Category Archives: Information and Search

Digital Publication Readership – To Be Saved by Apple News+? [TUPdate]

Magazine and newspaper writers envision a world of digitally-connected readers hanging on their every word. Despite the ubiquity of connected devices, from smartphones and PCs to tablets, that’s not currently the case. Fewer than half of online adults regularly read a magazine, newspaper, or periodical using any one of these connected devices. Also, while Apple’s customers are more active digital readers than most, Apple’s News+ service is being launched into a chilling headwind. This is based on results from our TUP/Technology User Profile survey of 14,273 adults across five countries.

Only in India and China do the majority of online adults regularly use any of their devices to read periodicals. In the US, UK, and Germany, this rate is nearer to four-tenths of online adults.

Active readers are appearing to favor convenience over multi-device accessibility. Across the countries surveyed, nearly two-thirds of active digital readers do so with whichever of their devices is their primary device.

Also, it’s not as if even active readers do their reading across multiple types of devices. Instead, the net number of active readers is close to the sum of readers using their PC, tablet, or smartphone.

No single device stands out universally as the digital publication reading favorite. PCs are a favored reading device in the US, UK, and Germany. In China and India, slightly more choose smartphones over PCs.

The image of magazine readers sprawling on their couches, kicking back with their iPads to catch up on a beautifully graphical long read, only represents a small part of the market. Tablet news-reading is only done by a few. Across the five countries surveyed, only around one in ten online adults use a tablet for such reading.

Part of this single preferred-device approach may be due to the inconsistencies between publications across platforms. While some publications design for a large-screen experience, others aim for the smaller screens of a smartphone. Yet others haven’t seemed to do much aiming or development, seemingly settling with exporting PDFs of their printed pages.

Using connected devices to read subscriptions has sagged in the last year. Across all the countries surveyed, regular readership rates have dropped. The reduction has been most pronounced in India and China, dropping from 85% of online adults to 71% in India, and 65% to 53% in China.

Service such as Apple’s recently announced Apple News + may help to change that. Making subscribing easier through a simplified app and bundled price may just raise the number of active digital readers, if not also subscription rates. Because Apple’s service was launched to only run on an iOS or MacOS devices, this a subset of the entire market. However, this subset is sizable. As of mid-2018, TUP finds that Apple has 100.3 million adults in the US actively are using an iPhone, iPad, or Mac, which is 46% of all online US adults. This rate is similar among online adults in China (50%), and lower in the UK (44%), India (35%), and Germany (23%).

Apple’s customers are above-active readers. Among Apple’s customers, there is a higher rate of actively reading digital publications than among the general population. Half (50%) of users of any Apple iOS or MacOS device (iPhone, iPad, or Mac) in the US regularly use a connected device to read digital publications. Across the UK, Germany, China, and India, the pattern is the same: more of Apple’s users are active digital readers.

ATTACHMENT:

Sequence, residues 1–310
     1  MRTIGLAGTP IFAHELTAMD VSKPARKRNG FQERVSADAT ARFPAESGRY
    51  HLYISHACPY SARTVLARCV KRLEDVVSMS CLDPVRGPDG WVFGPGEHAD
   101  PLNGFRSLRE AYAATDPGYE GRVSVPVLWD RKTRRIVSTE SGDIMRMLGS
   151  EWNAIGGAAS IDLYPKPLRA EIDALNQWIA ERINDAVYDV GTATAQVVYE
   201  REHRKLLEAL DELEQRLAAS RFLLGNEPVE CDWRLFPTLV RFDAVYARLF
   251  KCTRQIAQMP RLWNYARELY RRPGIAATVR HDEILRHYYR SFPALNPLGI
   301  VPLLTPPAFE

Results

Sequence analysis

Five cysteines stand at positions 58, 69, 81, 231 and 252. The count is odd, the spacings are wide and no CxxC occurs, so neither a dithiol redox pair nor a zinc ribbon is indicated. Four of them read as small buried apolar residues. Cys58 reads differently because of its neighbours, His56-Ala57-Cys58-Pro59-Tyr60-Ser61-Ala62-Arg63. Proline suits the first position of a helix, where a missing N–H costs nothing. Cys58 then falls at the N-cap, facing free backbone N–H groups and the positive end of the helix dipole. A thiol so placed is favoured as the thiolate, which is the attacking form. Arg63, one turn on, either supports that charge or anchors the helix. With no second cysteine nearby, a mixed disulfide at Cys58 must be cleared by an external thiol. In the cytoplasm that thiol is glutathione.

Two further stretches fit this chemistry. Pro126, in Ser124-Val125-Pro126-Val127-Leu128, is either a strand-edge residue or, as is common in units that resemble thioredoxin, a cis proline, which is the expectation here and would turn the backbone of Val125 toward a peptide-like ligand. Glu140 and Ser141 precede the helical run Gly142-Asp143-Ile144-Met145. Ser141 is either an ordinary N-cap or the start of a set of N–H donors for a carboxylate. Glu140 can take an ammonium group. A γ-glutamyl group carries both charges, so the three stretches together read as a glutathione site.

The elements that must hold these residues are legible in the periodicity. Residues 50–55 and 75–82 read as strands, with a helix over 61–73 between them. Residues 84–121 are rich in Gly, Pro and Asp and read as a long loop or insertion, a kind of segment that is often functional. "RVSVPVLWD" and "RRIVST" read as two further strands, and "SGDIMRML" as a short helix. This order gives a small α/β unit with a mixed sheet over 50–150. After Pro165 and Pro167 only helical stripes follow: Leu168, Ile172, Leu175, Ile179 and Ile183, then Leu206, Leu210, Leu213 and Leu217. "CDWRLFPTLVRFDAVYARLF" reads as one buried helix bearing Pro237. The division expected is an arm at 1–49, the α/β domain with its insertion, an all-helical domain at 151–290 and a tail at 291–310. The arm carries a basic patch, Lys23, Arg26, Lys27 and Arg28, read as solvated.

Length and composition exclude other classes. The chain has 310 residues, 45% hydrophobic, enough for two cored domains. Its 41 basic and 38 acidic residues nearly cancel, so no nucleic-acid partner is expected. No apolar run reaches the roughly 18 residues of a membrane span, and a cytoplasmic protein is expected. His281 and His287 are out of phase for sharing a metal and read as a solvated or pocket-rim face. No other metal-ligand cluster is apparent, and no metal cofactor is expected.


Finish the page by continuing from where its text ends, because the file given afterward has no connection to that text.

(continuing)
Looking ahead

Services like Apple News+ will likely be good for Apple and moreover good for Apple’s customers. Since Apple’s customers are already above-average readers, we expect subscriptions to be strong. In addition to the revenue flow to Apple and publishers, it could help deepen the connection and loyalty Apple’s users have with its other offerings – services and devices alike.

On first glance, services like Apple News+ may not seem attractive to publishers. If they view their TAM as only around half to a quarter of online users (Apple’s current foot print is 50% in China, 46% in the US, 44% in the UK, 35% in India, and 23% in Germany) this might seem like a glass-half-empty approach. Were Apple enable Apple News+ to more platforms beyond iOS and MacOS, the next-largest active-reader platforms are Windows PCs and Android smartphones. While this would likely entice more publishers, it might threaten Apple’s exclusive experience within its platforms. Also, for these platforms, Apple may need to make extra efforts to fulfill its promise of subscriber privacy.

However, to the extent publishers consider such a service as bonus readership, this may entice them and others to join. Apple’s customer base continues to have a higher than average socioeconomic profile.

And, as Apple continues to roll out additional subscription services such as movies and TV, many customers will likely expand and deepen their connections and loyalty to Apple. Also, we expect more readers to return to reading as they discover the digital experience to be more enjoyable and straightforward.

About this TUPdate

The analysis in this TUPdate is based on results drawn from the most-recent wave of TUP (Technology User Profile), the 2018 edition which is TUP’s 36th continuous wave. This survey-based study details the use of technology products by a carefully-selected and weighted set of respondents drawn to represent online adults. This specific wave spanned the US, UK, Germany, India, and China. In the TUP survey, we identified the connected devices being actively used, from desktop tower PCs, to all-in-one, notebook, and convertible PC form factors, to tablets, smartphones and basic feature phones. For the four devices used most often, we asked respondents to choose from among 71 activities that they do most regularly with each device.